We examined the responses in the same way as the past, and where there were clear contradictions, such as when a mineral is marked as not being in use, but a refiner is listed for that mineral, we asked all applicable production partners to review and resubmit their responses to ensure answers were consistent and correct.

According to our investigation, Nintendo's supply chain consists of 309 smelters and refiners (including some that could not be identified as smelters or refiners by CFSI). We compared these against the CFSI Standard Smelter list, to analyze how smelters and refiners are specified for each mineral. As a result, from the smelters and refiners reported, 294 were on the CFSI Standard Smelter List, and among them, 223 were certified as conflict-free by CFSI and 23 are on the Active list*4. The remaining CFSI standard smelters were not validated as CFS or engaged in the audit process, but as far as we have reviewed the provided information from production partners, our surveys revealed no evidence of conflict mineral use by those smelters either.

In addition to our survey activities, we have been conducting interviews with our productions partners since fiscal year 2013 with the belief that communicating directly with our production partners, and having an in-depth understanding of the framework and the procedures used in their supply chain investigation, can eventually lead to a higher level of involvement.

In fiscal year 2015, we selected production partners on the basis of risk assessments, taking into account their survey responses and the importance of the business relationship, and interviewed them on the status and challenges of their conflict minerals supply chain investigations, as well as their overall CSR initiatives.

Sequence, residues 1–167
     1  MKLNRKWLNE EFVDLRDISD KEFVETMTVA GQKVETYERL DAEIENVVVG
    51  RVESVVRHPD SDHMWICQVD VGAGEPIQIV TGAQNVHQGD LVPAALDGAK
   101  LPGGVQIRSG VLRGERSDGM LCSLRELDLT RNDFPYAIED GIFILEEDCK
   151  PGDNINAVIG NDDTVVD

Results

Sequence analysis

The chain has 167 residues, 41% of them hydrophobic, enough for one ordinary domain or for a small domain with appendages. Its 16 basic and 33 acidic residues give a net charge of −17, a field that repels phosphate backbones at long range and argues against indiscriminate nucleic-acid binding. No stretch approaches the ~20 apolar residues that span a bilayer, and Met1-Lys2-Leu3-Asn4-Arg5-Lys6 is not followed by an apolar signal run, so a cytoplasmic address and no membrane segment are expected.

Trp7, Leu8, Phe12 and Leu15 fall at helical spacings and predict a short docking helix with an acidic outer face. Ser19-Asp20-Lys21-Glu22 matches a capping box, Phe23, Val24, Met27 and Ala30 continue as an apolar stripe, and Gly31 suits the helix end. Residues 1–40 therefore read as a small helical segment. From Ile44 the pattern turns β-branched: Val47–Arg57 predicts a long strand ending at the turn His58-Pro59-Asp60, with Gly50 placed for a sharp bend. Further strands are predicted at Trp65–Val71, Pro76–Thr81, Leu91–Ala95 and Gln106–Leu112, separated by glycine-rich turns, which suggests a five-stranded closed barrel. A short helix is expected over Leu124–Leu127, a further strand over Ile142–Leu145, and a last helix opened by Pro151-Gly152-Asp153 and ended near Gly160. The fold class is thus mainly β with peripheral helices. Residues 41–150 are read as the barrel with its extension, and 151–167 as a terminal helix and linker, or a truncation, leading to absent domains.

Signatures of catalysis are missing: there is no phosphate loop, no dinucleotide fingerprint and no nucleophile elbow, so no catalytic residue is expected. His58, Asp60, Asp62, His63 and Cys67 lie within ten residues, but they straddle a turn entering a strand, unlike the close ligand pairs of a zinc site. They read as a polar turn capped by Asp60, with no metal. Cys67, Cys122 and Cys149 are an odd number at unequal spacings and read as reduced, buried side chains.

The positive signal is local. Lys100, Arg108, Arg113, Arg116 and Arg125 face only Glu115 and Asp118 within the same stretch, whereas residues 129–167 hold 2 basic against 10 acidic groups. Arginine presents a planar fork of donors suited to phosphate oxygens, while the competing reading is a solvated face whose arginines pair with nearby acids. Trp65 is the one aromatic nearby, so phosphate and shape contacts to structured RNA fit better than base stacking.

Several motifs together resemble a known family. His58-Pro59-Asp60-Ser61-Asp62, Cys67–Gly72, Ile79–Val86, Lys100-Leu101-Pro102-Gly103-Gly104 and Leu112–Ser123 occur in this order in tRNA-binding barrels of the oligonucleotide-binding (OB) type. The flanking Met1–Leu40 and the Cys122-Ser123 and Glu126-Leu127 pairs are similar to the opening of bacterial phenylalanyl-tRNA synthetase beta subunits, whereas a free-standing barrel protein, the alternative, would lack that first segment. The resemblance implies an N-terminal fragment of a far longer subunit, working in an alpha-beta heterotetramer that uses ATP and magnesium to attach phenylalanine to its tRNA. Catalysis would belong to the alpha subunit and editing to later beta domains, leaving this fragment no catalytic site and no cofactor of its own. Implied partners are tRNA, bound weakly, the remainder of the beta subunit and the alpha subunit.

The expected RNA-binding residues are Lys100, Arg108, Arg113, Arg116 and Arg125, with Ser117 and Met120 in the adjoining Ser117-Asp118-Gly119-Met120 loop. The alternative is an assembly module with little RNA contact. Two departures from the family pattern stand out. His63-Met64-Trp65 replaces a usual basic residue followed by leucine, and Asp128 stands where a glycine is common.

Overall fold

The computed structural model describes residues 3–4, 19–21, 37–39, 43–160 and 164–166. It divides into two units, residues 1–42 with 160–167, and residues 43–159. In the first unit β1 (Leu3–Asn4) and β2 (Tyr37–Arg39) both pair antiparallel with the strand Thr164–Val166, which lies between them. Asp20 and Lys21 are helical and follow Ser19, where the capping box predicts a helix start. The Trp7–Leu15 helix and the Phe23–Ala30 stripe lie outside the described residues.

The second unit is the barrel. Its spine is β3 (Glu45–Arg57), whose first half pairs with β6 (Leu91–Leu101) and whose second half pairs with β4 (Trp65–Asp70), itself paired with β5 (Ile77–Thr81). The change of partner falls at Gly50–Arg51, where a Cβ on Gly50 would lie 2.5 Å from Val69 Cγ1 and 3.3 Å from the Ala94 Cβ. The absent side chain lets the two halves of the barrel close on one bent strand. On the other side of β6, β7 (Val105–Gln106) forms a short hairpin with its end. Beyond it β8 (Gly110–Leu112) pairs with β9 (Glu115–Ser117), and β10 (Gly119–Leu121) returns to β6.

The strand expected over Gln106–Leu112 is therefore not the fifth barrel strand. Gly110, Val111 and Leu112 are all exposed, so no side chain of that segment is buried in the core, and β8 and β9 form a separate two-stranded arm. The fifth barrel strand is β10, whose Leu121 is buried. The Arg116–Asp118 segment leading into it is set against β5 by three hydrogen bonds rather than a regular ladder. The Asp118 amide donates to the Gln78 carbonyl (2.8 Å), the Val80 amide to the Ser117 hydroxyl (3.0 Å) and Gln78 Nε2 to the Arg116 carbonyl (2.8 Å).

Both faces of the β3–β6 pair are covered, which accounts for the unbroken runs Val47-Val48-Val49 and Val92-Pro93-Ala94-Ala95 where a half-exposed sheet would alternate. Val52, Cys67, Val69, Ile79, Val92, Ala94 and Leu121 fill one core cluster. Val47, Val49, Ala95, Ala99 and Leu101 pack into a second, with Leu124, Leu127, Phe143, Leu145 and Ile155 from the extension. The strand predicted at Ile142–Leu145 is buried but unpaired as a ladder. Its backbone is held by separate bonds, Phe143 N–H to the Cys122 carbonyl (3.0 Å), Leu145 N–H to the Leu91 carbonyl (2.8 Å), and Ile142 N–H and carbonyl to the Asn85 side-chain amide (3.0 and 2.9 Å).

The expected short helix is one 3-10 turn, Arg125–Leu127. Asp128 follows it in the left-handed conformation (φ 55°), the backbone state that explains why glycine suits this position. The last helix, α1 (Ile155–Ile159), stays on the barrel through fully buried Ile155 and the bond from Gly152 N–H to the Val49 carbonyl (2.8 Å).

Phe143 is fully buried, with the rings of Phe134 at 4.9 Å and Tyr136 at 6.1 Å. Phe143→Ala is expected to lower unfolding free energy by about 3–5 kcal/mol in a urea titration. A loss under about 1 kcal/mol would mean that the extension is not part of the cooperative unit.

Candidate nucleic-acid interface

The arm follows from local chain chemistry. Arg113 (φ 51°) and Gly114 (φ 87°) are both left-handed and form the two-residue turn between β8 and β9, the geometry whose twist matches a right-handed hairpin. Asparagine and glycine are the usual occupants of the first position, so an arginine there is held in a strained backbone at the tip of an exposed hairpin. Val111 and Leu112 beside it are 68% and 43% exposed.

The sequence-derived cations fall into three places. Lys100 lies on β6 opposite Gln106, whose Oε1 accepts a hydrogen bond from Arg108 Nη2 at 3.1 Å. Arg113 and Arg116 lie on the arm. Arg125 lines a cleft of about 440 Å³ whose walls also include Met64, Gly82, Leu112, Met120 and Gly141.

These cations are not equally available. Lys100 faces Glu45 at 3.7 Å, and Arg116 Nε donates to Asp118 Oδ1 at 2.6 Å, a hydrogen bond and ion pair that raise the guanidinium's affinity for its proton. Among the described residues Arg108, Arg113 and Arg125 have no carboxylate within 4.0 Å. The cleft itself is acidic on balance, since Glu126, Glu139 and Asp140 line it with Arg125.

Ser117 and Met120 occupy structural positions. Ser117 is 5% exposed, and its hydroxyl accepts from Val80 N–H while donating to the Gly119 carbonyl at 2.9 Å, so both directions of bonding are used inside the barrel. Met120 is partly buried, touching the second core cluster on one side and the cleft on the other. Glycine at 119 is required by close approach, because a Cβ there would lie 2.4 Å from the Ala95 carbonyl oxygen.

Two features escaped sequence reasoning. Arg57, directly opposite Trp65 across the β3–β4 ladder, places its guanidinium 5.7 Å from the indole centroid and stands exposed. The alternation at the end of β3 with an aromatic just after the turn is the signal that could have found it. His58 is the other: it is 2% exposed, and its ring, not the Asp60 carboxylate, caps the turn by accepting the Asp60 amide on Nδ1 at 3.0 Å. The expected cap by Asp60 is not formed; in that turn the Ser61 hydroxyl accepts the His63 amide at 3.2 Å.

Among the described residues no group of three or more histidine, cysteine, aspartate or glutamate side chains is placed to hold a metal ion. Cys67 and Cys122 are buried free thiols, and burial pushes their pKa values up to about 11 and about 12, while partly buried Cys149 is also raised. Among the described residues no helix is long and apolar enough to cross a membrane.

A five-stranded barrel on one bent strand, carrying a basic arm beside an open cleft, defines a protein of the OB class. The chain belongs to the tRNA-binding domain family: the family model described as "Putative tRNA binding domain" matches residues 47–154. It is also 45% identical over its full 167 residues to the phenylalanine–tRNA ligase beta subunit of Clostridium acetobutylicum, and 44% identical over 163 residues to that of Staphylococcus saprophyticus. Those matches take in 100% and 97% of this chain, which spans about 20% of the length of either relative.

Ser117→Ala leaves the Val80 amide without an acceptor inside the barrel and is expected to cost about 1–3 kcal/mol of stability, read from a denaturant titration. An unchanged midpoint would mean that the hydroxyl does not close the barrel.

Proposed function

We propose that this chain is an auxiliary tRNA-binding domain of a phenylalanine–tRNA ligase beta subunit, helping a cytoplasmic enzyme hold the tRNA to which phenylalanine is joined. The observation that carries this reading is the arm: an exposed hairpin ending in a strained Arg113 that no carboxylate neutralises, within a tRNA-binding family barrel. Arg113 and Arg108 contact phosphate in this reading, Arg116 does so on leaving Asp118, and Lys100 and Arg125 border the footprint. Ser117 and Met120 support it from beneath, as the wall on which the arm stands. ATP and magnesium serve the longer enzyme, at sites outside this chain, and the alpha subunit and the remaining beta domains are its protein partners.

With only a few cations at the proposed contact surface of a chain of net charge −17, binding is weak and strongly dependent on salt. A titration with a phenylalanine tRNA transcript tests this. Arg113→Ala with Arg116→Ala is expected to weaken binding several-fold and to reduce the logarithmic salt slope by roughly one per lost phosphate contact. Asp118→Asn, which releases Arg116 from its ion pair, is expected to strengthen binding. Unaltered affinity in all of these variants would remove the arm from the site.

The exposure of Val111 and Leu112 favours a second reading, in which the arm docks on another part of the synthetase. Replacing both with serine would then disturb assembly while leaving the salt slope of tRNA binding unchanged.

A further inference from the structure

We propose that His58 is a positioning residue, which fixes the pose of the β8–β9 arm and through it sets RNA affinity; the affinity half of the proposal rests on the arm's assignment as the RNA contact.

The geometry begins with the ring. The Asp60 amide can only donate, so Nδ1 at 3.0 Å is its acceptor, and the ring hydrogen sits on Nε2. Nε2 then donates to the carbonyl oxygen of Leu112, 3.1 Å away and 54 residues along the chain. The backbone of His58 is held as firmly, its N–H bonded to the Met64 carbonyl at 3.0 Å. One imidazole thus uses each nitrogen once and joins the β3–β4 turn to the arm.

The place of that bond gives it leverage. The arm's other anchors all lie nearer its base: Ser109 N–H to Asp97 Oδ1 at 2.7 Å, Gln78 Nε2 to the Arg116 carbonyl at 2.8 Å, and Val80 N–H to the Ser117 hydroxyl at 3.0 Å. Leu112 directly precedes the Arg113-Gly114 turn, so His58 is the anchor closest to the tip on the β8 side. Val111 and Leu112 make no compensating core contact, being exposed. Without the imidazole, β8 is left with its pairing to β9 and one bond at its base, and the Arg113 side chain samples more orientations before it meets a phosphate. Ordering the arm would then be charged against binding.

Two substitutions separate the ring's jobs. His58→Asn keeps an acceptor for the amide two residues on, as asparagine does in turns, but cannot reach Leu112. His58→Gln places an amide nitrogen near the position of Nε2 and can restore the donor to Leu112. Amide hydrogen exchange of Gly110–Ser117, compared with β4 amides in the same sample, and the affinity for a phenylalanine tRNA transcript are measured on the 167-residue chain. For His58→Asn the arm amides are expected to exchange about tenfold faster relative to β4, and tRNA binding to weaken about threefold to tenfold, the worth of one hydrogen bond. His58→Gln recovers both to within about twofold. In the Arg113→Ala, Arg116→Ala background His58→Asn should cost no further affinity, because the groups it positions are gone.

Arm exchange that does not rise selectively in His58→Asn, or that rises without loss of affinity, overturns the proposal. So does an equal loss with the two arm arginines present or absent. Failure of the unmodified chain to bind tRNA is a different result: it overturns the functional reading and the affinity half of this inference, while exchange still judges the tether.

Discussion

The results of our surveys and interviews with production partners have been reported to the management of Nintendo Co., Ltd., who will use that information to define steps to further reduce the risk of using conflict minerals that support armed groups.

We will continue to advance our efforts on the issue of conflict minerals by continuing to communicate with our production partners, requiring them to set conflict minerals policies, use CFS smelters, and endeavor to reduce overall risks in our supply chain.

Number of Smelters and Refiners on the CFSI Standard Smelter List

  Gold Tantalum Tin Tungsten Total
Smelters and Refiners 124 46 81 43 294
Conflict-Free Smelters
(Including smelters and refiners on the Active list)
95 45 67 39 246

* Reference documents: The CFS list and Active list prepared by CFSI as of June 6th, 2016

* Smelters and refiners on the Active list have committed to undergo a Conflict-Free Smelter Program audit or are participating in one of the cross-recognized certification programs

*1 CFSI: Conflict-Free Sourcing Initiative
Founded by Electronic Industry Citizenship Coalition (www.eiccoalition.org) and Global e-Sustainability Initiative (www.gesi.org) in 2008 in order to develop tools and resources such as the Conflict Minerals Reporting Template.

*2 CFS: Conflict-Free Smelter
Smelters or refiners that have no relationship with the conflict in the Covered Countries and have been found to be compliant with the Conflict-Free Smelter program assessment protocols established by CFSI.

*3 OECD Due Diligence Guidance for Responsible Supply Chains of Minerals from Conflict-Affected and High-Risk Areas
This Guidance provides recommendations for responsible minerals supply chain management concerning conflict-affected or high-risk regions.

*4 Active List
The list of smelters and refiners that have committed to undergo a CFSP audit or are participating in one of the cross-recognized certification programs


Page Top